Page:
Re: To keep things simple...
Firstly, I appreciate the time taken to put into a post. Almost seems offensive that it takes but a minute to read something that so much time was put into!
I did not know how long Asbestos had actually been around for, nor how long there had been questions about its safety. In science classes at school (late 80's) we had asbestos pads over our Bunsen Burners (cannot recall what they were called, you put the tripod stand above the burner, put this metal grill with a circle of asbestos on that over the flame, and sat your beaker on top of the asbestos). I've also come across it in places in work - and I have on at least a couple of occasions been exposed to 'blue asbestos in a powdered form' that'd been 'rendered airborne' whilst on a demolition site - we were engulfed in clouds of stuff when a part of a structure turned out to be very shoddily built and it came down faster than expected. It was only after the dust had settled that a friend made the grim discovery of chunks of broken asbestos pipe cladding that would've been left behind when the place was built some 60 years previously (ie the people who were installing the piping accidentally broke some of the cladding and left it where it fell, in the roof space of the building we were taking down). None of us has contracted Asbestosis yet thankfully - and thankfully the rates are quite low so it is likely none of us ever will, but my exposure has been enough that I could contract it. I'm more familiar with asbestos and it's risks than I'd like!
(I was also a smoker, I ride a bike, I tinker - including with things that can go 'bang' in unpleasant ways, eg mains voltages and gasoline engines), I'm overweight, I have a family history of diabetes and heart failure, I've already outlived several of my ancestors even though I am yet to reach 50 - lots of ways I could die any day!)
So am I saying that evolution will eventually cope with this problem? There probably are organisms that have evolved to either deal with plastic, or actively feed off it, but that is still not good news for the human race, so hey, let's look after the planet a bit better eh?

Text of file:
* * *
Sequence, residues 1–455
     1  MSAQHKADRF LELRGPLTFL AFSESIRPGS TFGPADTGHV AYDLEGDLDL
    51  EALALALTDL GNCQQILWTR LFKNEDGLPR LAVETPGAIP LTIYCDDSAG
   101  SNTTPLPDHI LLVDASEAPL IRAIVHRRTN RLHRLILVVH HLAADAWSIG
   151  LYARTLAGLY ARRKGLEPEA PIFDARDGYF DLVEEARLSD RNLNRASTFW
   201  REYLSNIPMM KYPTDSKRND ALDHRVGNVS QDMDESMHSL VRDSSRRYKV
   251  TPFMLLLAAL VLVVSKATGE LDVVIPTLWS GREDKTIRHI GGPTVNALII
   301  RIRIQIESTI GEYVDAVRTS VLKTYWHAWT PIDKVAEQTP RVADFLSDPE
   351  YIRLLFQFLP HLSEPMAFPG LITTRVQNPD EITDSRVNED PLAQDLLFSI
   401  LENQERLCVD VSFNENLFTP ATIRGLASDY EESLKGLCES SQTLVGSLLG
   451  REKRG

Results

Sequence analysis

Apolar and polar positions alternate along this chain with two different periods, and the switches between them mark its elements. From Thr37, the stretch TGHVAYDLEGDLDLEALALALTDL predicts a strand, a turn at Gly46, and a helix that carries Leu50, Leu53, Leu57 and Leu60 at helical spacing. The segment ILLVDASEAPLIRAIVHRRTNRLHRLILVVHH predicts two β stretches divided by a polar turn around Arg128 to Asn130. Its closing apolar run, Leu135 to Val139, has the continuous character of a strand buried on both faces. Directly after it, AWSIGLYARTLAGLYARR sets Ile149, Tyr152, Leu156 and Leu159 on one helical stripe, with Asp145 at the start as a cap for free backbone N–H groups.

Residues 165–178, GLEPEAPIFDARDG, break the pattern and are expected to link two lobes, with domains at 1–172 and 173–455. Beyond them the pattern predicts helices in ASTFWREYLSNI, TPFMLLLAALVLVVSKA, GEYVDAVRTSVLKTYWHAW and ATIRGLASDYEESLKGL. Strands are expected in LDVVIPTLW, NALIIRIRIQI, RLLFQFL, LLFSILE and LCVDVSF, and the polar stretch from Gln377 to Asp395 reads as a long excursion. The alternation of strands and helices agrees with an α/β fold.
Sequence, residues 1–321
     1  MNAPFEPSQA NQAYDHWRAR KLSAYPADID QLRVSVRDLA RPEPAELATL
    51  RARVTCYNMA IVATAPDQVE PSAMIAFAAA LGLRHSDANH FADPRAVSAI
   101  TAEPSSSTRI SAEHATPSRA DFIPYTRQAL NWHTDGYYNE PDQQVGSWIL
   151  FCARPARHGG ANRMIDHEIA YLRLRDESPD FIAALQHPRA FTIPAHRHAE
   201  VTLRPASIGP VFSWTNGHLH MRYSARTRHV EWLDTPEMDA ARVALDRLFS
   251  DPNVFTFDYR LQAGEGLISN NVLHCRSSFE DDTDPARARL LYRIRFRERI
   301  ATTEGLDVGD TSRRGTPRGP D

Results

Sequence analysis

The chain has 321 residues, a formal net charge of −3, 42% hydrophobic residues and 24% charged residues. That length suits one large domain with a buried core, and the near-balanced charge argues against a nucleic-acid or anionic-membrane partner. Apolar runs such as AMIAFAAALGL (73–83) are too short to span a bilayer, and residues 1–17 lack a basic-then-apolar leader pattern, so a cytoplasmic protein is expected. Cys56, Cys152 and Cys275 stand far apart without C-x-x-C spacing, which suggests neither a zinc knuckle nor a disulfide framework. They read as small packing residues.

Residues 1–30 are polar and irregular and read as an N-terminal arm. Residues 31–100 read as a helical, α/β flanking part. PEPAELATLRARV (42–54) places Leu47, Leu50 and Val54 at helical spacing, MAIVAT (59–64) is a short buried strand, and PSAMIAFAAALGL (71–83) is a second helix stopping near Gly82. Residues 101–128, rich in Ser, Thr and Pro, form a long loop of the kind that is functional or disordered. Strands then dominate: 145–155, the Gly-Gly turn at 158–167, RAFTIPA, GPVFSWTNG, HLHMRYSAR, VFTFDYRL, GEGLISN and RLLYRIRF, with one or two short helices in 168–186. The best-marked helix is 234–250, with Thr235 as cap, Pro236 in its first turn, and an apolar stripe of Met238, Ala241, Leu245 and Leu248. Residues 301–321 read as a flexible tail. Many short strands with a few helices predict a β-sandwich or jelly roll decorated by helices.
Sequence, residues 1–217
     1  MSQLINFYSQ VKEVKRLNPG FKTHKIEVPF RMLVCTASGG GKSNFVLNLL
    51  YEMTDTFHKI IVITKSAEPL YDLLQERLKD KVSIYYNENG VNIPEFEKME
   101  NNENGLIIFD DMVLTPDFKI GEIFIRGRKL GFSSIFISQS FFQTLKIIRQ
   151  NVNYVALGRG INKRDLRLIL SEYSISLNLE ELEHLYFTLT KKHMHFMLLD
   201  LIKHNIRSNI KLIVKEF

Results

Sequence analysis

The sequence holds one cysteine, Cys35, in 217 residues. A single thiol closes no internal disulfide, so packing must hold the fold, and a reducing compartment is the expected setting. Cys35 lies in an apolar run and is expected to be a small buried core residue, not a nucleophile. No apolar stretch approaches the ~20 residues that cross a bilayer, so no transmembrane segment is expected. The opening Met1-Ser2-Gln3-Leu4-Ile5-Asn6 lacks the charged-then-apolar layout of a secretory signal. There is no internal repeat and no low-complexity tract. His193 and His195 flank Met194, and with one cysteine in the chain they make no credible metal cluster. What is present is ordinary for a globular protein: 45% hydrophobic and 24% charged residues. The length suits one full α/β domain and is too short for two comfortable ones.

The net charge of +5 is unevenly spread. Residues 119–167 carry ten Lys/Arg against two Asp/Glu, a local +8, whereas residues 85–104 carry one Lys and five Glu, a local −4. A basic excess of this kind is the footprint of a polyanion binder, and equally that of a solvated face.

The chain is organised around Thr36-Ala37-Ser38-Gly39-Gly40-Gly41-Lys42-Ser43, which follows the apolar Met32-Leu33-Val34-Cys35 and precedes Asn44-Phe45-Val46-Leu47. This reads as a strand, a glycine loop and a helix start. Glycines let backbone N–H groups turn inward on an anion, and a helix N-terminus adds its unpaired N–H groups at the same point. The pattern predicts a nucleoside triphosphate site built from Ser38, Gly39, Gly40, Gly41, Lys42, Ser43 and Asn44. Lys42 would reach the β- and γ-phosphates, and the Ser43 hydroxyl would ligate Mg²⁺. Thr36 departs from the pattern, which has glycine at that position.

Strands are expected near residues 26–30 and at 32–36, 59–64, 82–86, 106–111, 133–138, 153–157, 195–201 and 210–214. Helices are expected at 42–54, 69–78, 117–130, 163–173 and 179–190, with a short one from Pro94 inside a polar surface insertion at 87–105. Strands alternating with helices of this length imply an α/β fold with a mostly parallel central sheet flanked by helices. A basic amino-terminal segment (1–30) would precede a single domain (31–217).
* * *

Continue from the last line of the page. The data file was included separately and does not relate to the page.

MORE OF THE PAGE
My understanding is that there has been efforts to engineer bacteria that would digest many such things. Whether that is viable (and of course, without worse side-effects) is yet to be seen. I hope it is - there is a LOT of cleanup work to do!
One piece of research that needs to be carried out is to quantify the problem statistically in post mortems. Have the body's various tubes been constricted by plastic material? How much plastic survives in the gut of a typical human?
I may know someone who'll have an idea, and will try to remember to ask him tomorrow. It certainly would be interesting to see, although it may be something not currently (or commonly) noted.
But how much of a plastic coating is needed to cause damage? I would bet a single layer coating 50% of the lungs would cause significant issues! A coating in the gut or upper intestinal tract could also cause significant issues with nutrient ingestion, as could particles lodged in and blocking various receptors. How much is needed to affect the Mylar sheath around our nerves, and what effect would this damage have? (or is it myelin? Or are they like centigrade/celsius? Feel free to correct me!)
This is why I am working more and more to have a completely natural garden, with natural or electro/mechanical pest controls (ie mesh netting and perhaps an electrified copper wire around the edges of the beds to keep bugs out), natural compost (our own kitchen and garden waste - contemplating what I might do with 'other waste' in the event of an earthquake taking out water or sewers) and the like. Years back I was diagnosed with high cholesterol. Seeing the side-effects of statins on a friend I decided to NOT use them for the first 6 months and instead change my diet. Getting rid of a few things (including oddly replacing margarine with real butter (yes I got that the right way round!) quickly brought the levels back under control - simple (and tastier!) changes to avoid ingesting more 'manufactured chemicals' brought about a faster improvement then taking the meds, and while I initially feared the changes I found an improvement in my life.
This (and my dislike and growing anxiety around un-natural compounds in the food chain) is what has encouraged me to press on and see what I can do. Sometimes it takes work, sometimes it's easy, but always it makes life better! I'd encourage anyone here who has the resources to get themselves a garden plot and start learning how to grow food naturally yet abundantly. There really is something nicer about stuff you grew yourself! And you can feel good when your 'food miles' are measured in less than 10 yards. Do it for yourself, or for those you love; for your tastebuds, or for the whole planet. But do it!